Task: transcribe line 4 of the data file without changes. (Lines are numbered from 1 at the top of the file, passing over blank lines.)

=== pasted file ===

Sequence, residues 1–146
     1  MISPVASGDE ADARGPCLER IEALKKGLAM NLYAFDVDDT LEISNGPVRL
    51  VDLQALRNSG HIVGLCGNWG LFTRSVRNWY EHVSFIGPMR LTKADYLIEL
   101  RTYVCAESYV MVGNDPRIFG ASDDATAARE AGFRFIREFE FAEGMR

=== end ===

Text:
   101  RTYVCAESYV MVGNDPRIFG ASDDATAARE AGFRFIREFE FAEGMR